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A red-eye flight is any flight departing late at night and arriving early the next morning. The American term red-eye derives from the fatigue symptom of having red eyes, which can be caused or aggravated by late-night travel.
The majority of transcontinental flights are operated during the day, but as of 2010 red-eye flights operate from Perth to Sydney, Brisbane, Cairns, Canberra and Melbourne, and from Darwin to Sydney, Brisbane and Melbourne. Red-eye flights have previously operated from Australia to New Zealand and Fiji. Red-eye flights to Australia operate from various locations in South-East Asia.
TAM Airlines and Gol Transportes Aéreos offer red-eye flights, called Big Owl (Portuguese: Corujão) flights in Brazil, with over 50 different routes throughout Brazil, all departing between 10 pm and 6 am.
A few overnight flights from Europe to the Middle East and to Russia were being operated in 2009, all of which had a flight time of 3-6 hours and departed in mid-evening, arriving around dawn the next day. In 2012, multiple travel agencies offered budget night flights from the Canary Islands to the mainland of Europe, also generally having a 3-6 hour flight time.
Russian airlines operate similar to U.S. airlines by connecting Moscow to Yakutsk, Irkutsk and Vladivostok with overnight red-eye flights. Russian transcontinental flights only last 5-8 hours but due to the northerly latitude the flights can cross as many as 8 time zones during this interval, drastically shortening the overnight experience. The flights depart Moscow around 6 pm and arrive at the eastern cities around 6 am the next day. One of the current examples of red-eye flight is Aeroflot's SU783 from Moscow to Magadan, departing 23:05 Moscow time and arriving 15:00 Magadan time on next day (flight time is 8 hours).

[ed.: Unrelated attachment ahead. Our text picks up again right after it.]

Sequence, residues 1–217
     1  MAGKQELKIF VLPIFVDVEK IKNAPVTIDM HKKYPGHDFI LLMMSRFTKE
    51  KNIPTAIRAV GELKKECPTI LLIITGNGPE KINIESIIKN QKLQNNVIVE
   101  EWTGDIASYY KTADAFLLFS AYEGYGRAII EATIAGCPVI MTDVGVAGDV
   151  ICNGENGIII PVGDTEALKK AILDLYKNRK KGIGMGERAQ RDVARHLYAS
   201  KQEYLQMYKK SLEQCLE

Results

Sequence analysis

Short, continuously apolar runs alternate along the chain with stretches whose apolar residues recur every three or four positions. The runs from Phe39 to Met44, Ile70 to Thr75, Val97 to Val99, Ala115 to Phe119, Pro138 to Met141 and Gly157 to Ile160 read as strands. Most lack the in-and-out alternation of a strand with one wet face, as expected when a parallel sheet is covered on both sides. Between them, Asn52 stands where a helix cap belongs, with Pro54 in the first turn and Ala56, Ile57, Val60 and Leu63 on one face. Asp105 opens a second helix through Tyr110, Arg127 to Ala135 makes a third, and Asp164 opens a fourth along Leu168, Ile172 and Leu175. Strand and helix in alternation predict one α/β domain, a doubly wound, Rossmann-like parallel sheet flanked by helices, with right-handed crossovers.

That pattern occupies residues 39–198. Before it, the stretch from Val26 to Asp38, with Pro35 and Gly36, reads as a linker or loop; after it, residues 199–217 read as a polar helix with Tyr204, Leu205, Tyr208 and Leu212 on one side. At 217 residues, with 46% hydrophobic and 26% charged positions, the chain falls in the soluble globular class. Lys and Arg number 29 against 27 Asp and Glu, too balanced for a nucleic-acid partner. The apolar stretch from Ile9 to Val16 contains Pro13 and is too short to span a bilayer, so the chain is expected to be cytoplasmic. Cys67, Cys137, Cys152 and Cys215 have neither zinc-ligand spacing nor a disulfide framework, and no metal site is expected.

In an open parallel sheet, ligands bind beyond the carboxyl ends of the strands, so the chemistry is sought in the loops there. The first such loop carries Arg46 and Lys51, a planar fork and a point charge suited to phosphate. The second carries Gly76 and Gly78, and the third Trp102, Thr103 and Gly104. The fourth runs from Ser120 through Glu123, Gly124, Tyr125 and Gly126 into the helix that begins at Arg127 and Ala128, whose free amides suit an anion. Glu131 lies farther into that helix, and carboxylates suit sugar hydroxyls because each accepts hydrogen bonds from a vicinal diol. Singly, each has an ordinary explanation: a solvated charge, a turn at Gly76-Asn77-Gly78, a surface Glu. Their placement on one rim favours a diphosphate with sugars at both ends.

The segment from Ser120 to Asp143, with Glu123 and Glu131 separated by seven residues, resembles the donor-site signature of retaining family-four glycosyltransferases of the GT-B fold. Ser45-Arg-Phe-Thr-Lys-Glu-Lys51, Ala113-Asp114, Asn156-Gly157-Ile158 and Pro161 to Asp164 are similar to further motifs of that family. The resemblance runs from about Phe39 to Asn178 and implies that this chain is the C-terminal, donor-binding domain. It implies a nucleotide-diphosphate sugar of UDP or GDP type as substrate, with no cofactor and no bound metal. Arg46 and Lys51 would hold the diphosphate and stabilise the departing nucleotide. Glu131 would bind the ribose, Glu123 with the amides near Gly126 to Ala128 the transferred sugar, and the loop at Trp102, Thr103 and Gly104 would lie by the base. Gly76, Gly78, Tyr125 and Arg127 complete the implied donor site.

Red-eye flights connect West Coast cities to Central and East Coast cities. These typically depart the west coast around 10 pm & midnight, have a flight time of 3–5 hours but lose 2-3 hours due to time difference, and arrive between 5 am & 7 am. Red-eye flights also connect Hawaii and Alaska with West Coast mainland cities. Furthermore, red-eyes also connect Honolulu with Tokyo, as the flights only depart at night, and arrive around 6 to 7 hours later.
In the 1930s and 1940s, red-eye flights were not possible, as most airports did not have the equipment necessary to work at night. There are still airports that do not function after certain hours, or have curfews for noise reasons, limiting the number of airports from which red-eye flights can depart.